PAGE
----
Writers: James Vanderbilt, Alvin Sargent, Steve Kloves, Stan Lee (comic book) and Steve Ditko (comic book)
Plot: Peter Parker finds a clue that might help him understand why his parents disappeared when he was young. His path puts him on a collision course with Dr. Curt Connors, his father’s former partner.
Cast: Andrew Garfield as Spider-Man / Peter Parker
Emma Stone as Gwen Stacy
Rhys Ifans as The Lizard / Dr. Curt Connors
Denis Leary as Captain Stacy
Rebooting the Spider-Man franchise just five years after Spider-Man 3 may initially seem like a pretty pointless and unusual thing to do. However, when you take in mind the Sony-Marvel contract, which mandates Sony to make a Spider-Man movie every five years or they lose the rights over the characters, the picture becomes clearer. Originally, Spider-Man 4 was planned, but there were some creative differences between Sam Raimi and the studio, so he pulled out of the project, and Sony ultimately decided to reboot the whole franchise. Considering how awful Spider-Man 3 was, the reboot idea doesn’t seem that bad anymore, but The Amazing Spider-Man doesn’t offer anything new and it still feels pointless.
In case you don’t know – the movie follows Peter Parker (Andrew Garfield), a teenager whose parents mysteriously left him when he was a young child and who now lives with his uncle Ben (Martin Sheen) and aunt May (Sally Field). One day he learns of a doctor named Curt Connors (Rhys Ifans), who worked with his father, and decides to visit him at his workplace – Oscorp. There Peter gets bitten by a strange spider and soon develops spider-like abilities and uses them to become a superhero named Spider-Man. He meets his first villain when Dr. Curt Connors injects himself with mutagen chemicals and becomes the menacing Lizard.
The Amazing Spider-Man definitely isn’t a terrible movie: the casting and the acting are great – Andrew Garfield is a very believable Spider-Man, and the always likeable Emma Stone is superb as his love interest Gwen Stacy, and they have a lot of chemistry. The action sequences and the visual effects are decent: they are by no means superb, but are exciting enough for a generic superhero popcorn movie flick. And the director, Marc Webb (who never directed a big blockbuster movie before), did a satisfying job. Furthermore, the movie is darker and more brooding than Sam Raimi’s trilogy (actually, the movie is more similar to Nolan’s Dark Knight trilogy than to Raimi’s movies), which works surprisingly well.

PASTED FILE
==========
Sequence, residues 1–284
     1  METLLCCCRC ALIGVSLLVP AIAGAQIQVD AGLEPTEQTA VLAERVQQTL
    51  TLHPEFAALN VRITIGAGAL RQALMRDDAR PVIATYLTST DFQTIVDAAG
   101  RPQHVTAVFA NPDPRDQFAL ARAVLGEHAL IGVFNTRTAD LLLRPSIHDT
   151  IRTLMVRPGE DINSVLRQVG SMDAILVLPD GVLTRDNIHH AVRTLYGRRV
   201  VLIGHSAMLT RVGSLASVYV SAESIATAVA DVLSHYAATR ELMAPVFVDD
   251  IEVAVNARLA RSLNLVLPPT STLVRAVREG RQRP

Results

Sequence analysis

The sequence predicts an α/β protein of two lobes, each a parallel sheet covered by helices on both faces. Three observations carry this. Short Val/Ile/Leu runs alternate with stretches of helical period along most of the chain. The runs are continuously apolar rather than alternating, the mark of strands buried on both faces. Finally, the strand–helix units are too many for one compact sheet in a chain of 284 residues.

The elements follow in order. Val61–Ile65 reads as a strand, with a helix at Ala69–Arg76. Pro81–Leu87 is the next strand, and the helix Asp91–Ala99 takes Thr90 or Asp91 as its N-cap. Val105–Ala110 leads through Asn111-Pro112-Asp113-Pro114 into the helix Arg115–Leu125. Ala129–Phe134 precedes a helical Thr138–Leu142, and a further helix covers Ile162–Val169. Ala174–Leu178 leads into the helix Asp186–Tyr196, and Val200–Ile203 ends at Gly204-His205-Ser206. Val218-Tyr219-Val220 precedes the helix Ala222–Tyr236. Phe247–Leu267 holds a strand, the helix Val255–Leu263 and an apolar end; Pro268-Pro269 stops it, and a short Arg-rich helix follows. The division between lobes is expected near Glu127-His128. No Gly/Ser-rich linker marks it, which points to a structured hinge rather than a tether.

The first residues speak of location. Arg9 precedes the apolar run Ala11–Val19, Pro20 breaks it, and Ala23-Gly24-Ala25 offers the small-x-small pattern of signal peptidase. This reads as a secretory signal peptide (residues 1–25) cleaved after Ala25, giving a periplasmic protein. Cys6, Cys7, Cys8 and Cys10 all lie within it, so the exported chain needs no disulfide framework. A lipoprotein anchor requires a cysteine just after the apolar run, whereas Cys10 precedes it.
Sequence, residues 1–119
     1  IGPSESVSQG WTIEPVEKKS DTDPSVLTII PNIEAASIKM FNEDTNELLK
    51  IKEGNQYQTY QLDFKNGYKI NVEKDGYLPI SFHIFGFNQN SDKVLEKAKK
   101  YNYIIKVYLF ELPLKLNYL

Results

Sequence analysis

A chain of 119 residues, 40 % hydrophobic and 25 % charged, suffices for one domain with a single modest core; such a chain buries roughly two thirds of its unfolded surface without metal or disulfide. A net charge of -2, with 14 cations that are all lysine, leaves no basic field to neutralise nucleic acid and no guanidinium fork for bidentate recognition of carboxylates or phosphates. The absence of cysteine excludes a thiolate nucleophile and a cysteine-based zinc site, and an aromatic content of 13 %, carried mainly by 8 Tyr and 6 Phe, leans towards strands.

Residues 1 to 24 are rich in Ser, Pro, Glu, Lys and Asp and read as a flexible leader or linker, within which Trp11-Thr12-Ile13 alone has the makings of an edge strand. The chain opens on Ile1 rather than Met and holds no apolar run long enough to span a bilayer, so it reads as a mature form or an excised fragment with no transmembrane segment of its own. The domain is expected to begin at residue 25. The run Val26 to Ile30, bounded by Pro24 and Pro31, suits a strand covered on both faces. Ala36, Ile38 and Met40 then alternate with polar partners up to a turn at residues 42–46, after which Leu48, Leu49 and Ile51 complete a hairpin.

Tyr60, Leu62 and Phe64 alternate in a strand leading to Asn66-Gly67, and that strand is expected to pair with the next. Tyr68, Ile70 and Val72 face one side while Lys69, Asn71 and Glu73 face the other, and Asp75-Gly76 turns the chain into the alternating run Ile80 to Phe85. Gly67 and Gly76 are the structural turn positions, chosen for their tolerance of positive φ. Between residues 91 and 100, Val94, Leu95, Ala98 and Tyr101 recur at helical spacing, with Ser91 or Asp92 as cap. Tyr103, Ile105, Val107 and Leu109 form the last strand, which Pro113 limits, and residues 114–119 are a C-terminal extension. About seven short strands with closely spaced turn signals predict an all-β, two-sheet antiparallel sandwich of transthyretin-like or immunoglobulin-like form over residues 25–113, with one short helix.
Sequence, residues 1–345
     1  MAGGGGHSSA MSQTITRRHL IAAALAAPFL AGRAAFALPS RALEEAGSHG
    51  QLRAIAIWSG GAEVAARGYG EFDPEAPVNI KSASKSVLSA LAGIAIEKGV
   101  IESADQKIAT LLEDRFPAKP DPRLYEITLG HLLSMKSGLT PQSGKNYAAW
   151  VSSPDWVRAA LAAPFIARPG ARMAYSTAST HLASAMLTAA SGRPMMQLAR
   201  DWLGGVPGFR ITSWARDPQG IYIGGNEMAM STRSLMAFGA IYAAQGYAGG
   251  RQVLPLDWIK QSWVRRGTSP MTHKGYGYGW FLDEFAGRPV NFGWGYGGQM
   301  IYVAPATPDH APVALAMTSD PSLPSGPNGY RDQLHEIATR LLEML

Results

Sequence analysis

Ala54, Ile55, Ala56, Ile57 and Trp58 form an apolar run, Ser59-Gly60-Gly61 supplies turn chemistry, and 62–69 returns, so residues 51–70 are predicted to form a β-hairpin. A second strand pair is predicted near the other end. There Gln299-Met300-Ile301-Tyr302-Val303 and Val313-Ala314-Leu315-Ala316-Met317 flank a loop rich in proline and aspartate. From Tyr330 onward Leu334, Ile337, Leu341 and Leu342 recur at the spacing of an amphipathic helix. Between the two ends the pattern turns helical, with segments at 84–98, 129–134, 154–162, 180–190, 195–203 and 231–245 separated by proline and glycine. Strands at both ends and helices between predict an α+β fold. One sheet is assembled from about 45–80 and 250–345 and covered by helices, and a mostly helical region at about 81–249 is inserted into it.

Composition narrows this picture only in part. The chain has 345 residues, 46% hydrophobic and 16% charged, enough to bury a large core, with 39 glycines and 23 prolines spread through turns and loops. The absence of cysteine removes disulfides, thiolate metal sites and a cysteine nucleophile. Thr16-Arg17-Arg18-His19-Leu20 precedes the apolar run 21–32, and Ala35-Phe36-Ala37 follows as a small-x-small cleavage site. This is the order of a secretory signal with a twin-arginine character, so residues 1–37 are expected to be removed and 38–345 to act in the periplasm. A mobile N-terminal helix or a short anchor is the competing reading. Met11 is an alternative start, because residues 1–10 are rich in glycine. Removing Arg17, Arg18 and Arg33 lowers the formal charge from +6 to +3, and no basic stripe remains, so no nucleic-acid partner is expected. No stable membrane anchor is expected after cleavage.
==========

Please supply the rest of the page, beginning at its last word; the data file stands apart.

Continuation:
Even though The Amazing Spider-Man has some strong points, the movie utterly fails script wise. The movie spends a big chunk of its over 2 hours runtime on a origin story which the audience is already familiar with. Not only that, but all the characters in the movie are conveniently tied to one another in an absurdly naive fashion. Moreover, some scenes are ludicrous (Peter not being able to control his powers and the infamous cranes scene). Because of that, The Amazing Spider-Man can get both tedious and silly from time to time, which may severely annoy some viewers. And speaking of silly, The Lizard design could have been improved to some degree (he should at least have kept his lab coat on!). In a nutshell, The Amazing Spider-Man isn’t as bad as it could have been, but it still is a pretty dull and pointless movie which offers nothing new to justify the reboot.